I’ve been wanting a better Android tablet for quite a while now. I’ve had the Eken M001 for quite a while now, but it isn’t a very usable tablet (especially after I bricked it). The battery doesn’t last long, the resistive touch screen absolutely horrible, and it is quite slow.
I’ve been hoping to see a tablet with a good capacitive touch screen for under $300. I saw a tweet the other day mentioning that the Nook Color’s Bluetooth hardware is now functional when running Cyanogenmod 7. I did some quick research and decided I just had to buy one.
I apologize in advance for the horribly shaky video footage.
The hardware isn’t that far behind the Samsung Galaxy Tab. The Nook Color is about the same size as the Tab, has a similar 1024x600 IPS LCD display, and they both have 512 MB of RAM. The Nook Color ships with the CPU clocked at 800 MHz, 200 MHz slower than the Galaxy Tab. I’ve been running mine overclocked to 1 GHz without any problems so far, so this isn’t a problem.
The Nook Color has a PowerVR 530 GPU, the Galaxy Tab has a PowerVR 540 GPU. I’m not sure how much of a difference there is between the two chips, but I do know that I don’t have any software on my Galaxy S phone that can push its PowerVR 540 to its limits.
The biggest problem with the Nook Color is the lack of hardware buttons… There are workarounds for the lack of menu and back buttons but I find myself always reaching for the missing hardware buttons.
The Nook Color is also missing a few other features that most of the other tablets have. It has no cameras and it has no video output capabilities. It also lacks GPS, but this seems normal for most of the Wi-Fi only tablets.
The Stock Firmware
The Android firmware that ships loaded on the device is very limited. It has a book reader, web browser, and a few games. That’s about all that is there. It sounds like there are ways to load third party software, but I didn’t investigate those.
Running Third Party Firmware
Hacking the Nook Color is surprisingly simple; it will boot directly off of a properly partitioned and formatted microSD card. All you have to do is correctly write one of the many available bootable SD card images to a microSD card, stick it in the tablet, and power it up.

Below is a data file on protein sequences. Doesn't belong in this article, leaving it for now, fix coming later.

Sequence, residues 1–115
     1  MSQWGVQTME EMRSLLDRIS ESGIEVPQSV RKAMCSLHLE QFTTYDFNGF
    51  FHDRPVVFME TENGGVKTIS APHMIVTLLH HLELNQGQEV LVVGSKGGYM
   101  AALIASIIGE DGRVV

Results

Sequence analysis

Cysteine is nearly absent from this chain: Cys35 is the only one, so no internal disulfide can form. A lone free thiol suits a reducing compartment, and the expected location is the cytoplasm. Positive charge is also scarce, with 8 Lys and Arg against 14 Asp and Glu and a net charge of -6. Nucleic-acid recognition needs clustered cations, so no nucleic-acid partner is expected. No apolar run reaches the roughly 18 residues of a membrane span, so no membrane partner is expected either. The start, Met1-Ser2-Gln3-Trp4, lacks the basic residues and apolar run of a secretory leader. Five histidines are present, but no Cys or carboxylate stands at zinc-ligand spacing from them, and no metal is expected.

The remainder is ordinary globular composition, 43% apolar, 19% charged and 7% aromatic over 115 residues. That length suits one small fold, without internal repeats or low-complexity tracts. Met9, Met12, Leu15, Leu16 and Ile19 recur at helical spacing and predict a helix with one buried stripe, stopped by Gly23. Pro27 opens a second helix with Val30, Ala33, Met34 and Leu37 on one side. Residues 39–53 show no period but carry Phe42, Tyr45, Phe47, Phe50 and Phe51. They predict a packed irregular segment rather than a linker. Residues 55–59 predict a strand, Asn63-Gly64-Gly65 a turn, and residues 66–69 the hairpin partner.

For the last few days I’ve been running an SD card bootable image of Cyanogenmod 7 that I found on the xda forums. It has been running quite well so far.
There are a few Problems
Video playback performance is poor. I’m hoping this will improve, but I’m not going to bet on it.
Update 2011-03-21: I played back a few standard definition videos using the stock firmware. They played perfectly without any frame dropping.
Update 2011-03-24: It sounds like the PowerVR 530 GPU in the Nook Color can accelerate video with a resolution of up to 848x480.
Update 2011-03-31: CyanogenMod 7 RC4 now has working hardware accelerated video playback! Youtube, Flash, and mpeg4 files all play back perfectly.
Some apps that try to use GPS crash. Weatherbug and Speedtest.net are the two apps that crashed on me. Google Maps runs without any trouble, though.
The touch screen isn’t perfect. It seems to have problems picking up button presses around the edges, especially up in the top right-hand corner. I haven’t tried booting up the stock firmware to see if the problem exists there as well.
Update 2011-04-05: I’ve been running the CM7 tablet tweaks build for a few days now. Moving the status bar to the bottom makes the problems I had with the touch screen a non-issue. It sounds like this work will be rolled up into the CM7 core before too long.
Is it worth the price?
I think the Nook Color is a very good deal. It is half the price of the most comparable tablets and I feel that it provides way more than half the value.
This one is actually for my girlfriend to use. I’m already thinking about buying another one for myself…